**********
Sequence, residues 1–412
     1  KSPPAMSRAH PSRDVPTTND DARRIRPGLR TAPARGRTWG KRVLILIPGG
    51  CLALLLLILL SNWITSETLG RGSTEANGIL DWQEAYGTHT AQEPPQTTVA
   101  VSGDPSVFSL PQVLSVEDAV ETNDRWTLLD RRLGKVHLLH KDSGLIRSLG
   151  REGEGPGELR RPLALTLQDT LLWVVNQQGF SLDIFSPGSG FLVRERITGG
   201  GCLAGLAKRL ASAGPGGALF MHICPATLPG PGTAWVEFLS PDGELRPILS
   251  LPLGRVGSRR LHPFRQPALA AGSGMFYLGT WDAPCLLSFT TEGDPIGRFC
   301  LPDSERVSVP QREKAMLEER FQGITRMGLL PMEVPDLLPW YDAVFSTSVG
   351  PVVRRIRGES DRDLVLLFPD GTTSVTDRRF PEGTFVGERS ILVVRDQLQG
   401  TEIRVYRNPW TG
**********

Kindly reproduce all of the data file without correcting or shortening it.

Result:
Sequence, residues 1–412
     1  KSPPAMSRAH PSRDVPTTND DARRIRPGLR TAPARGRTWG KRVLILIPGG
    51  CLALLLLILL SNWITSETLG RGSTEANGIL DWQEAYGTHT AQEPPQTTVA
   101  VSGDPSVFSL PQVLSVEDAV ETNDRWTLLD RRLGKVHLLH KDSGLIRSLG
   151  REGEGPGELR RPLALTLQDT LLWVVNQQGF SLDIFSPGSG FLVRERITGG
   201  GCLAGLAKRL ASAGPGGALF MHICPATLPG PGTAWVEFLS PDGELRPILS
   251  LPLGRVGSRR LHPFRQPALA AGSGMFYLGT WDAPCLLSFT TEGDPIGRFC
   301  LPDSERVSVP QREKAMLEER FQGITRMGLL PMEVPDLLPW YDAVFSTSVG
   351  PVVRRIRGES DRDLVLLFPD GTTSVTDRRF PEGTFVGERS ILVVRDQLQG
   401  TEIRVYRNPW TG